You may have heard of the benefits of credit unions over traditional banks, but if your credit is not that great, you may still be wondering how to join a credit union with bad credit.
How much does your credit matter when trying to set up a new account at a credit union? Are there ways to compensate for your bad credit when looking to join a credit union, and what, if anything, are the compromises or sacrifices you'll have to make to do so?
Fortunately, credit unions will generally let anyone join who qualifies regardless of credit. Rather than basing eligibility for an account on someone's credit, a credit union will usually base it on a person's demographics.
Different credit unions serve different communities. Some of those communities are occupation or employment-based, such as a hospital or union-based credit union. Other credit unions serve people living in a particular geographic region. Whatever the criteria for joining a particular credit union, if you qualify, you will be allowed to join regardless of your credit status.
That is not to say, however, that your credit does not matter when joining a credit union or is not relevant to starting an account at a new credit union. For example, your credit does come into play at credit unions in relation to your eligibility for loans and lines of credit. For these and other reasons, it is still wise to be mindful of the status of your credit and get it as much under control as possible when planning to set up a new account at a credit union.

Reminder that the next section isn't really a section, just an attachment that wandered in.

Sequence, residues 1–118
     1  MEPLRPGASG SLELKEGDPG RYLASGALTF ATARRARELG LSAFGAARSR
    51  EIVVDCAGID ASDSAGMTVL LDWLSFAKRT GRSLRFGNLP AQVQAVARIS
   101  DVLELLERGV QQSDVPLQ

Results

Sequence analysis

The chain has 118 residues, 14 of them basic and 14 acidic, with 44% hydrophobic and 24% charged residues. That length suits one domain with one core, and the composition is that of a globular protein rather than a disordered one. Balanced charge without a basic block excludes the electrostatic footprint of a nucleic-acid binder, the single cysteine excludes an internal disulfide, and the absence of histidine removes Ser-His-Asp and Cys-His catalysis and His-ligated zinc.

With that in mind, the following are five key steps to take regarding your credit to have the best, most successful experience setting up and managing your money in a new credit union account.
Your credit is only one accounting of your financial history. Another is your consumer banking report or the overall history (generally speaking) of your bank accounts over your lifetime.
Like credit reports are kept and produced by certain agencies like Equifax and TransUnion, consumer banking reports are also kept and provided by a particular agency, specifically ChexSystems. Operating under the same Fair Credit Reporting Act (FCRA) that governs consumer credit reporting agencies, ChexSystems is a countrywide agency utilized by over 7,800 credit unions as well as over 7,700 banks, comprising over 80% of the financial institutions in the United States.
While a bad credit report won't lead to a rejection of your application for an account at a credit union, a bad consumer banking report just might. Your consumer banking report contains any problematic elements of your banking history over the years, including:
Note, if you have any such negative marks on your consumer banking report, not only could it cause you problems joining a credit union, but it also almost certainly appears in one way or another on your credit report. So this could affect your credit score as well.
If it is a loan or line of credit that prompts you to seek a new credit union (or you foresee that possibility in your future with this credit union), consider exploring secured loans instead of the traditional unsecured kind. With secured loans, the credit union uses your deposits into your credit union account as collateral against your loan or line of credit. That said a loan or line of credit is typically limited to the balance in your account, and by extension, you cannot withdraw that collateral while the loan is still out or that credit is utilized.